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Discussion Starter · #1 ·
I was putting out traps yesterday in a canyon with trails behind my house and I ran across a feral hive inside a large oak tree. Is there a way to pull them out or just leave them alone and hope they move to one of my swarm traps? There is no way I can cut out the tree because it's huge and public trail I would need to coax them out if possible...
 

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There's no reason to move bees that aren't bothering anyone.
 

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Why does everyone say trap out? Trap outs of old hives are rarely successful at getting the queen so what's the point of stressing them out by removing their field force, especially if it's just an attempt to get 'free' bees and not because the colony is bothering anyone. Like others have said, put out some swarm traps nearby and best of luck.
 

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He said swarm traps were set-out. Trap-out bc is better than cutting out the hive and/or cutting down the tree.

Calm down buddy.
 

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Discussion Starter · #7 ·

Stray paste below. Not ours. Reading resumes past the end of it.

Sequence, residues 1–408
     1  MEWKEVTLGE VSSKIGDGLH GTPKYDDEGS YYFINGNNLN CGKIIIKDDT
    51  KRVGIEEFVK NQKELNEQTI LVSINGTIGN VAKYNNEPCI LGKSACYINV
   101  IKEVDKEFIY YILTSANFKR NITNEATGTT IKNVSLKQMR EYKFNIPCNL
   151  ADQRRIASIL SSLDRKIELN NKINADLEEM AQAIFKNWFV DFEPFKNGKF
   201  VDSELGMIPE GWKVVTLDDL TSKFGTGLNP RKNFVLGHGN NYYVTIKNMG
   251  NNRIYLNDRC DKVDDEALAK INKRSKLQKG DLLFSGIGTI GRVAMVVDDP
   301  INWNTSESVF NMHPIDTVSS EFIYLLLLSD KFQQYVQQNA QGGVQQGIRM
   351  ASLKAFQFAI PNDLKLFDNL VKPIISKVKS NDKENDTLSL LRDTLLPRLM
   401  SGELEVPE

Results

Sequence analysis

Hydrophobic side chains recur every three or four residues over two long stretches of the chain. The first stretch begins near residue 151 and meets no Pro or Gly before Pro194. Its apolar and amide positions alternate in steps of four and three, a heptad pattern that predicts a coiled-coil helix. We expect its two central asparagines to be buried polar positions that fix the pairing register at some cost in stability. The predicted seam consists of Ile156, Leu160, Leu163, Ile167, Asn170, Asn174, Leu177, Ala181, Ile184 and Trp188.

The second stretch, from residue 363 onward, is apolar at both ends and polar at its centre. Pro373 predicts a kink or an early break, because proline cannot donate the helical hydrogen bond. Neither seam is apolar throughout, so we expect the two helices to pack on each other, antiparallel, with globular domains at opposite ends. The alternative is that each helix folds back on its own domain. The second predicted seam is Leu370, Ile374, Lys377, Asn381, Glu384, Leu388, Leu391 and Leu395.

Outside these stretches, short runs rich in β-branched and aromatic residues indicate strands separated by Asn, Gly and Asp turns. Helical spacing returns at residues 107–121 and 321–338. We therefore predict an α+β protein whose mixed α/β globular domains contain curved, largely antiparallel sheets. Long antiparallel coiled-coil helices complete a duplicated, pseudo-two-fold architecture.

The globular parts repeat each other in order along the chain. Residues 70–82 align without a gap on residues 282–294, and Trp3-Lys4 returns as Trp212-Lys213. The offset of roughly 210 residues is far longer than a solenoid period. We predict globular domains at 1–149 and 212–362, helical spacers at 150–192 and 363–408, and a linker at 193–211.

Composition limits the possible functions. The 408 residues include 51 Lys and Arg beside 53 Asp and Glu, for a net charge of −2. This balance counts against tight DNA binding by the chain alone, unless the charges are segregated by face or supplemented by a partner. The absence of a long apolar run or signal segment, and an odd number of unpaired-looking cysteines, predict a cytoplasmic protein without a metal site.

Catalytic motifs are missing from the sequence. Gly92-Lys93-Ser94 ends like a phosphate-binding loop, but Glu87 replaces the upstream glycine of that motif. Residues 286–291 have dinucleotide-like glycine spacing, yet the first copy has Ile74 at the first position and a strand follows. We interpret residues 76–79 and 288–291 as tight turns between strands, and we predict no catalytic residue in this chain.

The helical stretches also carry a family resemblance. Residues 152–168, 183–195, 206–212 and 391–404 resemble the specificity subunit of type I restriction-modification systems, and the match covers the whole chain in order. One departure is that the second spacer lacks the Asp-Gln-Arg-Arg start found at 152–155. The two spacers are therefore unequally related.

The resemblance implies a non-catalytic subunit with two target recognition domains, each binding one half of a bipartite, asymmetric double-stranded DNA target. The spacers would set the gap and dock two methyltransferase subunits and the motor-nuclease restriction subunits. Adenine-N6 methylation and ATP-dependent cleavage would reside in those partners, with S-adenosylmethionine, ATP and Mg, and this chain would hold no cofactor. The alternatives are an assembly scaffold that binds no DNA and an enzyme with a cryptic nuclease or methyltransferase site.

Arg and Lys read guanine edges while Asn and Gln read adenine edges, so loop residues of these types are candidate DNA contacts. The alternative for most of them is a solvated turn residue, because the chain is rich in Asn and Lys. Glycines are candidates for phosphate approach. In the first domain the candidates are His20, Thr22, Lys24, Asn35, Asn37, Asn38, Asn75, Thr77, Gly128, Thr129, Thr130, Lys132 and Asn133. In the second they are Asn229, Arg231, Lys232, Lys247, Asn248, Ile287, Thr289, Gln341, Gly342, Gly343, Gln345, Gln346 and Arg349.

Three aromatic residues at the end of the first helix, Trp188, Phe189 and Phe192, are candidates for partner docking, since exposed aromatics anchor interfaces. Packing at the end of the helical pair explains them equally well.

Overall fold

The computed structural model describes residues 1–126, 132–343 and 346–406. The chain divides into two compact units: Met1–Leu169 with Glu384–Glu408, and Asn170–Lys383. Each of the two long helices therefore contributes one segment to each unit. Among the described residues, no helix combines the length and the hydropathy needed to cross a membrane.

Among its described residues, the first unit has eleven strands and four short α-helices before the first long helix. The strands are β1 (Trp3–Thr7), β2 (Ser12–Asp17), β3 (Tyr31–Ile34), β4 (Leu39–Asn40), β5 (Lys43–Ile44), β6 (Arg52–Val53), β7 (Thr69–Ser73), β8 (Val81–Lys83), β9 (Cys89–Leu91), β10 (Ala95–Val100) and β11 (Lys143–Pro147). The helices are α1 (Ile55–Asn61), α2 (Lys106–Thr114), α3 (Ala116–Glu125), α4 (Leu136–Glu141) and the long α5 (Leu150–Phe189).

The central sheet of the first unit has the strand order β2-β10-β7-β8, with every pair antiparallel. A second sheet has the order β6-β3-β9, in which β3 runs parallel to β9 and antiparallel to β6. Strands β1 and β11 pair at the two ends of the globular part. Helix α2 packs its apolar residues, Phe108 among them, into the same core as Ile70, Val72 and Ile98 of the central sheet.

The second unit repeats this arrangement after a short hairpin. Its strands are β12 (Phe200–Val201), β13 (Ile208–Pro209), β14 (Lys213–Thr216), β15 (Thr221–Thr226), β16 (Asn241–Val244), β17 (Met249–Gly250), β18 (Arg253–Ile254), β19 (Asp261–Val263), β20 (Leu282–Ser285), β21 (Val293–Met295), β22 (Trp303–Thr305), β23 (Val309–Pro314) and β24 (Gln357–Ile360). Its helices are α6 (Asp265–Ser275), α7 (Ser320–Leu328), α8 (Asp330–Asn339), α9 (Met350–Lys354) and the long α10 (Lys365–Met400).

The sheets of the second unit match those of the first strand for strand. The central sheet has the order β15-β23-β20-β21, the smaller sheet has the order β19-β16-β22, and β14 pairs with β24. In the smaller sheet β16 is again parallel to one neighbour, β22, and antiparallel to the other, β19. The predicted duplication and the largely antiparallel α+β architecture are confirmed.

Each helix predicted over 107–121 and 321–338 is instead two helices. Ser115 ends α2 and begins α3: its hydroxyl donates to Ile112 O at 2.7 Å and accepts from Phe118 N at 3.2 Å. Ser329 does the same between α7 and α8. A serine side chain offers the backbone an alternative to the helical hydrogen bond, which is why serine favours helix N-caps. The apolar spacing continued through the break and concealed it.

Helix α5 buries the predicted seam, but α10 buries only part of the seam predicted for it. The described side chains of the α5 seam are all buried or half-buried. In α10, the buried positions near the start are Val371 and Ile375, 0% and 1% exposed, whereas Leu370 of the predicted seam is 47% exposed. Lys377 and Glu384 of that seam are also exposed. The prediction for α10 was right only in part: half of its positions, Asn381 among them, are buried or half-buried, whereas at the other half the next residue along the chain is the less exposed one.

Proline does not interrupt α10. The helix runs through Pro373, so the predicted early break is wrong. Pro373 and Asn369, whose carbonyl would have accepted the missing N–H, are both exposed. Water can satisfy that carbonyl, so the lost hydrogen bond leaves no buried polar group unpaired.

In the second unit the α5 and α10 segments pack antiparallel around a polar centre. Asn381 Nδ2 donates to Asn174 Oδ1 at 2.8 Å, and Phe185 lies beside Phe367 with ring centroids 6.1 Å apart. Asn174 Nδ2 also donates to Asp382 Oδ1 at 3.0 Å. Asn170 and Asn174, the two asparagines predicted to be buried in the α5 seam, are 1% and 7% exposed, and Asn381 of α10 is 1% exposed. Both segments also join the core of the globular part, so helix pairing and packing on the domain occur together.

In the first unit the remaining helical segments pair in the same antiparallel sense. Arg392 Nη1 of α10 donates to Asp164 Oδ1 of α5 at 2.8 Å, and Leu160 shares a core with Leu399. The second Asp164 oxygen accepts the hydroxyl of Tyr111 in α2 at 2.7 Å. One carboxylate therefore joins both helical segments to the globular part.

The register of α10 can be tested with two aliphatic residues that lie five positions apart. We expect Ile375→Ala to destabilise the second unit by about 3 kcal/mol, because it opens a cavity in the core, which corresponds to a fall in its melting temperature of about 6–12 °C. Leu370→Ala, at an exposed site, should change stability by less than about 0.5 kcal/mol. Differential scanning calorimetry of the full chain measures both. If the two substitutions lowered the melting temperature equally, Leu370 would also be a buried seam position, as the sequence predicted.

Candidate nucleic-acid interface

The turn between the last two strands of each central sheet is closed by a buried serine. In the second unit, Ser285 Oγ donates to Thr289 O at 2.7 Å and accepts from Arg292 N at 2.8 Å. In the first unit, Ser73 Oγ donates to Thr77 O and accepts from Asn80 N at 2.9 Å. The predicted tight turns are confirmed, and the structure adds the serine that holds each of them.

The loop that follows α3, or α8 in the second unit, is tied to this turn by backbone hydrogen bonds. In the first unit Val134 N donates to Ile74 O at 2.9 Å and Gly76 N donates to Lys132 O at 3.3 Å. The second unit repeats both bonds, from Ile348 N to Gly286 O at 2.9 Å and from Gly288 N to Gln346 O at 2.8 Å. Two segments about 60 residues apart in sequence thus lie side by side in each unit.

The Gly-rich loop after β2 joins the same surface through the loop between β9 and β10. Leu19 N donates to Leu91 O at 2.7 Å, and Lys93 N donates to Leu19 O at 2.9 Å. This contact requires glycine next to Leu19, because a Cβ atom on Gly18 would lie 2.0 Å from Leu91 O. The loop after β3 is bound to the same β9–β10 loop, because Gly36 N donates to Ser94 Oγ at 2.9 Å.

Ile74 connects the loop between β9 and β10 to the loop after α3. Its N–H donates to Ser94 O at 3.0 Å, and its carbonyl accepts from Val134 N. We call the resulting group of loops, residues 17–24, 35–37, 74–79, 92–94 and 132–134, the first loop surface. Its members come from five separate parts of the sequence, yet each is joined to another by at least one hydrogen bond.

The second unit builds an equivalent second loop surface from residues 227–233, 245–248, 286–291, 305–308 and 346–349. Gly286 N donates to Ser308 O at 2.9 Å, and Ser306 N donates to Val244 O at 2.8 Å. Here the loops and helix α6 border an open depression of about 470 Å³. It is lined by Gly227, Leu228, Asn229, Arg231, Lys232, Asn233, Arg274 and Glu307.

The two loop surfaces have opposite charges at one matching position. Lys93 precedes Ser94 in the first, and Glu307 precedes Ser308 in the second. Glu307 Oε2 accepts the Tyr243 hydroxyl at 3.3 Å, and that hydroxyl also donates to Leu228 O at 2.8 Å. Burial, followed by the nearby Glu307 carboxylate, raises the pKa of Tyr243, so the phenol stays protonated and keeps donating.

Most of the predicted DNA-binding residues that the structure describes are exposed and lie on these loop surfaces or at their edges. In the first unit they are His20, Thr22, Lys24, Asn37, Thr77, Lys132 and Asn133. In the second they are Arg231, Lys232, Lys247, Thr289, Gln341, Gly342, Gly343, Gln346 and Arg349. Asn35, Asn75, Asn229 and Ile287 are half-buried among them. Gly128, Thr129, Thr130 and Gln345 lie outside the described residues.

I have 5 traps in the area already and just stumbled across them on the trail. I agree I don't want to stress them out because they are right on trail and I would hate for somebody else to pay the price. On the other had it would be free bees.. The dilemma :)
 

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Discussion Starter · #8 ·
I used this site when making swarm traps and I liked what he said about finding bee trees and placing traps up to a mile away vs. trying to cut into the tree to get the bees out. He says if they have survived winter they will swarm in spring. The videos are interesting.

http://letmbee.com/youtube/

Really good video and I agree with most likely leaving them bee and trying to catch the swarm instead....
 

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Yeah, I like the idea of leaving the mother colony alone and collecting swarms. It just seems to me that feral and survivors should be left where they are given the huge problems we're having with managed colonies these days.
 

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I know of two trees with hives and I catch swarms every year and have been doing so for about five years. I know some will not agree with me on this but all of my stock is now from these hives. The way I look at it is if these hives can survive in a tree for at least five years without any treatments and dealing with SHB i am happy to have them.
 

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Discussion Starter · #11 ·
I know of two trees with hives and I catch swarms every year and have been doing so for about five years. I know some will not agree with me on this but all of my stock is now from these hives. The way I look at it is if these hives can survive in a tree for at least five years without any treatments and dealing with SHB i am happy to have them.
Your only catching the swarms right now pulling the main hive from the trees?